They went and found a colt outside in the street, tied at a doorway. As they untied it, some people standing there asked, “What are you doing, untying that colt?”  They answered as Jesus had told them to, and the people let them go.
Mark 11:1-6

We need to understand what’s happening here.  It has a lot to do with attitudes and faithfulness in the kingdom of God.

The first thing I see is that something is needed to fulfill the ministry of Christ.  It was foretold in the Old Testament that Jesus would enter Jerusalem on the back of a colt.  It was time for this to be accomplished.  In every ministry, there are needs that must be met in order for God’s will to be done.

Next, I see a supernatural revelation as to how this need was going to be filled.  Notice that Jesus didn’t say to His disciples, “Guys, I’m going to need to ride in on a colt.  You have to go out and find me one quickly.”

That tells me that to accomplish my calling, it will always require faith.  After all, there were other ways this could have been done.  Jesus could have purchased a colt in Jericho, the last town He visited.  Then He would have had it ready to go upon His arrival.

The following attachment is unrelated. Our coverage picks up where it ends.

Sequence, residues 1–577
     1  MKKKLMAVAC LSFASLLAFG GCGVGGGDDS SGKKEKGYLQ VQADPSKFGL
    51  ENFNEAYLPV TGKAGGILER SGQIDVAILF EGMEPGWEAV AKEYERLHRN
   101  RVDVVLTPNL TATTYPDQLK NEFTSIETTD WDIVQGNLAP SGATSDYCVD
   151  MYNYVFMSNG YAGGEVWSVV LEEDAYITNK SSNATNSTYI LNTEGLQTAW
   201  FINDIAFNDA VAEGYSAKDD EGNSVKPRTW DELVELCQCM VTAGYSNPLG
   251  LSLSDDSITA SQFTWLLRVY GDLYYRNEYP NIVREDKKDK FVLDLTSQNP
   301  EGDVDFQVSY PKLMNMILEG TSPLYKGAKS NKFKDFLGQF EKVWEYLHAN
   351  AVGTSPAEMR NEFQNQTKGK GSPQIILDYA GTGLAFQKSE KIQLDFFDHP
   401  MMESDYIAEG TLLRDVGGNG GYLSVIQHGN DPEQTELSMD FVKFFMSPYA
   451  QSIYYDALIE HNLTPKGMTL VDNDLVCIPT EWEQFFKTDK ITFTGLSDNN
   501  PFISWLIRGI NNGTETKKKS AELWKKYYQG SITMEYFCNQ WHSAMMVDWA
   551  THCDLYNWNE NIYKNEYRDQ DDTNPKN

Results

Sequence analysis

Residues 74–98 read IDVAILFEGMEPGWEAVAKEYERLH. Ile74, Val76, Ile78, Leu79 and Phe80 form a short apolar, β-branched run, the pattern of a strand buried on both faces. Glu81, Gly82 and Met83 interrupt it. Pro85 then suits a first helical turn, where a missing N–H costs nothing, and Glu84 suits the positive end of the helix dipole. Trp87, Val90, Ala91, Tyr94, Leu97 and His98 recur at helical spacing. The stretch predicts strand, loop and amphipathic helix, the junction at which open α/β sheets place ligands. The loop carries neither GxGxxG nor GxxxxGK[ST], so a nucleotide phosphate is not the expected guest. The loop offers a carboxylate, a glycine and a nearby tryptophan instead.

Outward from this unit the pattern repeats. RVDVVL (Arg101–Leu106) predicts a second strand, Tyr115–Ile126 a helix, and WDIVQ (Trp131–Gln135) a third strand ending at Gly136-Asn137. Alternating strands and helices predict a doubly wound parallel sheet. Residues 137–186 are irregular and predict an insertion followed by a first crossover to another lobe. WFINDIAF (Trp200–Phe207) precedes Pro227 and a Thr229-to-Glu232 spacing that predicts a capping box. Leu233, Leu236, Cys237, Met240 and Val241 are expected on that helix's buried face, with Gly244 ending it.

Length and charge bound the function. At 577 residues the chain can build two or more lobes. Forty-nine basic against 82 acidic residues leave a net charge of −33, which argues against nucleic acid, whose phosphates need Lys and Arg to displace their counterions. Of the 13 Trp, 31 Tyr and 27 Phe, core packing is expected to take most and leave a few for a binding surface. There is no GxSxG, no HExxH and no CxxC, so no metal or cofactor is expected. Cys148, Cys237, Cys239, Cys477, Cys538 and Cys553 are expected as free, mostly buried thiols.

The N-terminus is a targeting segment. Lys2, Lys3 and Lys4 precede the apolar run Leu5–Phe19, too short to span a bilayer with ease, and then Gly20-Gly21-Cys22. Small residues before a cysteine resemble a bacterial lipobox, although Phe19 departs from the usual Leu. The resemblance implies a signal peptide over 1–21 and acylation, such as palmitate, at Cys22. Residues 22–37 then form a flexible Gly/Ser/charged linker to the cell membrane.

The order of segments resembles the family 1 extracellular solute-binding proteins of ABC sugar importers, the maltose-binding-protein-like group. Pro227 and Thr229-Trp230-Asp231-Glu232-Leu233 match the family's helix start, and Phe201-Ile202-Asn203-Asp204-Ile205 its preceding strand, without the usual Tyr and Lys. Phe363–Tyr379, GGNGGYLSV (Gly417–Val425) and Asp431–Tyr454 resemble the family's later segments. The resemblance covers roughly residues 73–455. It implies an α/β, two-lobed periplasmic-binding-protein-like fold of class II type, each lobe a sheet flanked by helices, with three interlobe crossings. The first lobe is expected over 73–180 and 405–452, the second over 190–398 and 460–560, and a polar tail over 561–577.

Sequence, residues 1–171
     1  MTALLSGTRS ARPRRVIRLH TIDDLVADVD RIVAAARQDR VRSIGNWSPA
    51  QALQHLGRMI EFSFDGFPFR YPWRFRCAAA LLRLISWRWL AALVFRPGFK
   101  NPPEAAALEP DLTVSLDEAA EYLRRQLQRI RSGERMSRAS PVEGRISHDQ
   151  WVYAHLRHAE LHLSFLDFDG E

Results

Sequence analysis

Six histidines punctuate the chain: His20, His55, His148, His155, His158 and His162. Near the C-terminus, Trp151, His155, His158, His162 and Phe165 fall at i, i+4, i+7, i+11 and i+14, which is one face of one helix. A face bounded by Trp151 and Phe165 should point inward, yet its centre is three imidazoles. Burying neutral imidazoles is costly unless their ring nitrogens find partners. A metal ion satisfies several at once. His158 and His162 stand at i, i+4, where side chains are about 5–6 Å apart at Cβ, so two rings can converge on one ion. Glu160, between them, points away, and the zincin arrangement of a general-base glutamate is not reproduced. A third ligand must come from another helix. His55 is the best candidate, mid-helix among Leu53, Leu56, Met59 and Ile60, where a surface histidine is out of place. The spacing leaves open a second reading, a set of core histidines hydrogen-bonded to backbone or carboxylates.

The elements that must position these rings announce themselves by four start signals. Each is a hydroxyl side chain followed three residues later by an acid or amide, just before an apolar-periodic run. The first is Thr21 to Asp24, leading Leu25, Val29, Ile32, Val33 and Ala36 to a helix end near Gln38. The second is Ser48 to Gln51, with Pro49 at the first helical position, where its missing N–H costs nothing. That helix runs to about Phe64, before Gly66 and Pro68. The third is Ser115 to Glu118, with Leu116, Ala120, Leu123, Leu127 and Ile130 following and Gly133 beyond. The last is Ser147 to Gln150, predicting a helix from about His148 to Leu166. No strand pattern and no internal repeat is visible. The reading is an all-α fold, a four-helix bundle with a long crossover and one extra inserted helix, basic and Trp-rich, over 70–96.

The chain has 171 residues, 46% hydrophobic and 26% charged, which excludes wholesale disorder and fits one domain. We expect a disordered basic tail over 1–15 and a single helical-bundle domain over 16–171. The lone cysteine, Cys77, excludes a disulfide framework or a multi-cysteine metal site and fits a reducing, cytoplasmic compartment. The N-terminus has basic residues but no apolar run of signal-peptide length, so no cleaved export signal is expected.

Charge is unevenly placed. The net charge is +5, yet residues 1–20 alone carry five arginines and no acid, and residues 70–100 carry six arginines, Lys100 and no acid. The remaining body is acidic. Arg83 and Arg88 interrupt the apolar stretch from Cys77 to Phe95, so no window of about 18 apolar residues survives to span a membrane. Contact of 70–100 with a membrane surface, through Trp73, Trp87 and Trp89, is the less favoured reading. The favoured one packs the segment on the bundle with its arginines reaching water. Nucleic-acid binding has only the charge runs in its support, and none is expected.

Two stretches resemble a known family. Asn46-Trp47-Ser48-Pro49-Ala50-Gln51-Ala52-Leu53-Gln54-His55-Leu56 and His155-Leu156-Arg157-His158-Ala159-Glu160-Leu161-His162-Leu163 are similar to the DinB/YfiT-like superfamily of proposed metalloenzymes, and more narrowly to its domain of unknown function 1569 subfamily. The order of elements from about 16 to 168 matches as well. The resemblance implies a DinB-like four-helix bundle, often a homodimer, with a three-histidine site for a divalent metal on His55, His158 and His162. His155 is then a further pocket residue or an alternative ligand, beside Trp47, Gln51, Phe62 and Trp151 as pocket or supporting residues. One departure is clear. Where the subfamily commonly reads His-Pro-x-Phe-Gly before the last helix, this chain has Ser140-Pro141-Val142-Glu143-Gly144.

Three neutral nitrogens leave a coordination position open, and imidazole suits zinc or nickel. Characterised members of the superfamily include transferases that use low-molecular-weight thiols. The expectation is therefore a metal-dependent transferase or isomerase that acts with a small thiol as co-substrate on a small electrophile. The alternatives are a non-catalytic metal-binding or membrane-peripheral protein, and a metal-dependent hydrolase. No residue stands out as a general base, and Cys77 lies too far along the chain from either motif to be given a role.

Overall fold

But that’s not how the Father wanted this to happen.  He desired the disciples to act in faith toward the instructions of Jesus.

Finally, it comes down to attitudes.  The disciples know what the ministry needs and how God intends to provide it.  The problem is that it all depends upon another party – those who own the colt.  All they heard was, “The Lord needs your colt to accomplish God’s will.”